SCL6 is a new (6th generation) scalable audio codec developed by MQA, the company behind the MQA (Master Quality Authenticated) audio format. It is designed to provide high-quality audio over Bluetooth connections with low latency.
SCL6 offers a scalable and adaptable bit rate up to 960kbps. It was also certified as one of the four Hi-Res Audio Wireless codecs.
In addition to Bluetooth, SCL6 works with UWB (UltraWide Band) and Wi-Fi with a bit rate of up to 20mbps.
LC3plus is LC3's sibling with numerous additional functionalities and features aimed at Hi-Res audio. In the high-resolution mode, the maximum bit rate can reach up to 1000kbps for 24bit/96KHz. Unlike LC3, LC3plus is not free.
LC3plus is one of the four certified Hi-Res Audio Wireless codecs. However, device support is still rare because it is still new.
How to compare Bluetooth codecs for wireless headphones and earbuds?
The role of a Bluetooth codec is to compress the audio stream at the source in preparation for transmission and then decompress it at the receiving end for playback.
To compare different Bluetooth codecs for wireless headphones and earbuds, the following factors should be considered:
- Sample rate.
- Bit depth.
- Bit rate.
- Sound quality
Sample Rate (Hz)
Sample rate is the number of times an audio signal is sampled per second. The higher the sample rate, the more accurately the audio signal can be represented. To accurately represent any given frequency in a digital signal, at least two samples per cycle are required. This is why audio is typically sampled at a rate of 44.1kHz, which is approximately twice the upper limit of human hearing at 20kHz.
The sample rate for Bluetooth codecs typically ranges from 44.1 kHz to 96 kHz. CD-quality audio is 44.1 kHz, and high-resolution audio is typically 96 kHz.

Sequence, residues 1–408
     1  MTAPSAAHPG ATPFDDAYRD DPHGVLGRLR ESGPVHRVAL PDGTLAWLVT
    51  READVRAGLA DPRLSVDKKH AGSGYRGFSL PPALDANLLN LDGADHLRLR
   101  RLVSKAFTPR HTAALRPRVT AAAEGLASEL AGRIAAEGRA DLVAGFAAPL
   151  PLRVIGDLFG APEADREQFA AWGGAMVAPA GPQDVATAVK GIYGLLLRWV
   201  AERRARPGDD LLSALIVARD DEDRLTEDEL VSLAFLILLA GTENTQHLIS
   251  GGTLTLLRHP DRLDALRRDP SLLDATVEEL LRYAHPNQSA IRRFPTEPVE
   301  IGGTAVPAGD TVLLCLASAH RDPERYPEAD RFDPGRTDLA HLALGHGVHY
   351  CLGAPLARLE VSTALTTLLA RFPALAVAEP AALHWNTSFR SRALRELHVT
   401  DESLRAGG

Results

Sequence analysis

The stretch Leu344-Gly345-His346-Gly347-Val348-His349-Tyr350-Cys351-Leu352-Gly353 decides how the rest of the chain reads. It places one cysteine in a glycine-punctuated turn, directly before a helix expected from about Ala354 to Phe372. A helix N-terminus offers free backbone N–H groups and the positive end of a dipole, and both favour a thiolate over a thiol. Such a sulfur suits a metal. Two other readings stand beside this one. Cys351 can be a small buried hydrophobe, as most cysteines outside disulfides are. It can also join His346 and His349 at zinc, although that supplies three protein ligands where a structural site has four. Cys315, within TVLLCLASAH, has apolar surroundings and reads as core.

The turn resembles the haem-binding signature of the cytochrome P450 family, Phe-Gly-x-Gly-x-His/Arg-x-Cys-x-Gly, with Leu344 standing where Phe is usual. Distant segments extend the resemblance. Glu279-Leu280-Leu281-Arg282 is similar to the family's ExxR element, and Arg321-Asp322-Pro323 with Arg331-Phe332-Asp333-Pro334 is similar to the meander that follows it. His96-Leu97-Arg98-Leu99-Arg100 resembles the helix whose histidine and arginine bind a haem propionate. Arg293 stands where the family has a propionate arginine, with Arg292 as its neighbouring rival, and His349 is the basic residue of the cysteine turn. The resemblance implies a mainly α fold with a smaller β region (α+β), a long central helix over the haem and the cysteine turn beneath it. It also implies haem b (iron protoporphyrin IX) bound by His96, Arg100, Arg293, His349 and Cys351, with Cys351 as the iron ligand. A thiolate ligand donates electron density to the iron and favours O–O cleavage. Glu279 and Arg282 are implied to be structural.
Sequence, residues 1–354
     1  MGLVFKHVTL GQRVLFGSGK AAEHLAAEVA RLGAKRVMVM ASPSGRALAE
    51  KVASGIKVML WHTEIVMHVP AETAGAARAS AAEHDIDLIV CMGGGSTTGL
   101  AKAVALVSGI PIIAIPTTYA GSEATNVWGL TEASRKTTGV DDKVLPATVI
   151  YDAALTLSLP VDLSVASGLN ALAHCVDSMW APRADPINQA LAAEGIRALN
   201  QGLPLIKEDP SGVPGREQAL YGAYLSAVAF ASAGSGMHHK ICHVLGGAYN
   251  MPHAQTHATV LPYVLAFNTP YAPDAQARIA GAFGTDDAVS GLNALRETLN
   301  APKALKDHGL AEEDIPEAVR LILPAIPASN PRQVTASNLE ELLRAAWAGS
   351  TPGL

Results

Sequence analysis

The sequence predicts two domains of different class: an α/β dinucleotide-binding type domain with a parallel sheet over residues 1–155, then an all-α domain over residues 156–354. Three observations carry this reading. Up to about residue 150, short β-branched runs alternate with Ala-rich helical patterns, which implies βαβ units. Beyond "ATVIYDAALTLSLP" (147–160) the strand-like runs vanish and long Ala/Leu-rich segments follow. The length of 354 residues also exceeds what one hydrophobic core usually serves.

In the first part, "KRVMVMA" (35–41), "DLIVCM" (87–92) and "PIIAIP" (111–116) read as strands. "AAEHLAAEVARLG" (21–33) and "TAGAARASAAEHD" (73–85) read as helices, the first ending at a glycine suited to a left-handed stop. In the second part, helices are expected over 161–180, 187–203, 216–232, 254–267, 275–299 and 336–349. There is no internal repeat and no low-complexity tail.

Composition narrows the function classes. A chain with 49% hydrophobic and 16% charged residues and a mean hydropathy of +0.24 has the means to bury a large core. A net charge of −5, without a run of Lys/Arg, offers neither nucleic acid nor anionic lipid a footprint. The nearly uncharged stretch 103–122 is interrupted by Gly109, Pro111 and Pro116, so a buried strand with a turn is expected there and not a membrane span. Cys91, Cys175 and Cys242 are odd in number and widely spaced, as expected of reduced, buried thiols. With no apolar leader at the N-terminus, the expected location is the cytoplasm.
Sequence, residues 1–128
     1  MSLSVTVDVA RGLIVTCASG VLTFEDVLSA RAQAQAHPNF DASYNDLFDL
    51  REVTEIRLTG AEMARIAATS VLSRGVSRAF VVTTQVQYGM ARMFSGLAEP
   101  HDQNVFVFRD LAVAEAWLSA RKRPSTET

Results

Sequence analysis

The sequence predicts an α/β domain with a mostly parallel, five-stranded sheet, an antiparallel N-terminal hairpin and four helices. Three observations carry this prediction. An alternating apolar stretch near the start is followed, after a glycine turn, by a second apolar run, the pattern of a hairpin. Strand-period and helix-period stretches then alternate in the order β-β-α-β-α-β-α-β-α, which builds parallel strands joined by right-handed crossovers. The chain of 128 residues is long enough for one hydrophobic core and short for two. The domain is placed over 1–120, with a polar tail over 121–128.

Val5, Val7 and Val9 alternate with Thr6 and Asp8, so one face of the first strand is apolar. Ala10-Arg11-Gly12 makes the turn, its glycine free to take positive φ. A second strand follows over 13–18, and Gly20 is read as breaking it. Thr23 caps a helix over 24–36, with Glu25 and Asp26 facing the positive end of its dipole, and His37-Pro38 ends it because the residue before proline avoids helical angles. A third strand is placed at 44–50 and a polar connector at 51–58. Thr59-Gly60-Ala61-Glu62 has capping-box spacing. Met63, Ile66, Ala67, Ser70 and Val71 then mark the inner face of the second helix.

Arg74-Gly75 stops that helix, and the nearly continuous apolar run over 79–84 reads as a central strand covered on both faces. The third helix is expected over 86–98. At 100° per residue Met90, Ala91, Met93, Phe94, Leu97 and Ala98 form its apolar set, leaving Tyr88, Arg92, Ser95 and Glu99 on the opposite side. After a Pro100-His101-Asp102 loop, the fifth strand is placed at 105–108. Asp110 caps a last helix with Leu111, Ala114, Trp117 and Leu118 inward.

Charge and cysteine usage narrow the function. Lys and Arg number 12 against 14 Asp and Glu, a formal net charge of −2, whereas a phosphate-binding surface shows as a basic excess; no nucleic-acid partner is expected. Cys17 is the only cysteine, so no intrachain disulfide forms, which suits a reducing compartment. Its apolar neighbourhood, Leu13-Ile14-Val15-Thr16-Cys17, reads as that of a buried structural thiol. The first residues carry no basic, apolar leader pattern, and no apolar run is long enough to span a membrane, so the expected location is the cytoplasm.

The sample rate of a Bluetooth codec is important for audio quality. A higher sample rate will result in better audio quality, but it will also require more bandwidth.
Here is a table of sample rates for common Bluetooth codecs:
|SBC||44.1 kHz, 48 kHz|
|AAC||8 kHz to 44.1 kHz|
|LC3||8, 16, 24, 32, 44.1, 48, 96 kHz|
|aptX HD||44.1 kHz, 48 kHz|
|aptX Adaptive||25.6 kHz to 48 kHz|
|LDAC||44.1 kHz, 48 kHz, 88.2 kHz, 96 kHz|
|LHDC||44.1 kHz to 96 kHz|
|SSC||44.1kHz, 48 kHz|
|SCL6||44.1 kHz, 48 kHz, 88.2 kHz, 96 kHz|
|LC3Plus||44.1 kHz, 48 kHz, 88.2 kHz, 96 kHz|
Bit Depth (bits)
The bit depth of a Bluetooth codec refers to the number of digital bits used to represent each sample (remember the sample rate) of the audio data. You can also interpret the bit depth as the number of levels between the quietest and the loudest frequency of any samples. 16-bit means 65,536 levels.
A higher bit depth means more precision in the representation of the audio signal in one sample, which usually leads to better sound quality.
The most common bit depths used for Bluetooth codecs are 16 and 24 bits. 16-bit audio is the standard found on CDs, which is generally considered to be good enough for most people's listening needs. However, if you're looking for a more detailed and nuanced sound, 24-bit audio is considered to be high-resolution audio, which can provide just that.
Here is the bit depth of the commonly used Bluetooth codecs for headphones and earbuds:
|LC3||16-bit, 24-bit, 32-bit|
|aptX Adaptive||16-bit, 24-bit|
|LC3Plus||16-bit, 24-bit, 32-bit|
Bit Rate (kbps)
The bit rate refers to the amount of data that can be transferred per second by a Bluetooth codec. It is measured in kilobits per second (kbps) or megabits per second (Mbps). A higher bit rate indicates that more data can be transferred, which in turn can lead to improved sound quality.
Most Bluetooth codecs have a set maximum bit rate, but the actual bit rate utilized depends on two factors – the available bandwidth and the quality of the audio source. In the case of low bandwidth, the bit rate will decrease to prevent audio dropouts. Likewise, when the audio source is of low quality, using a high bit rate is unnecessary.
The maximum bit rate of some Bluetooth codecs is summarized in the table below.
|aptX HD||576 kbps|
|aptX Adaptive||420 kbps|
|SSC||> 512 kbps|
When it comes to evaluating sound quality, there is no one-size-fits-all answer. Sound quality is subjective, varying from person to person based on individual preferences and experiences. What one person may perceive as excellent sound quality, another might find lacking or unimpressive. Some people might prioritize clarity and precision, while others might prefer warmer or more bass-heavy tones.
Bluetooth codecs affect sound quality significantly. Generally, codecs that have higher bit rates and more advanced compression algorithms tend to produce better sound quality. However, it is worth noting that the quality of the Bluetooth connection and the source material can also play a role in the overall sound quality.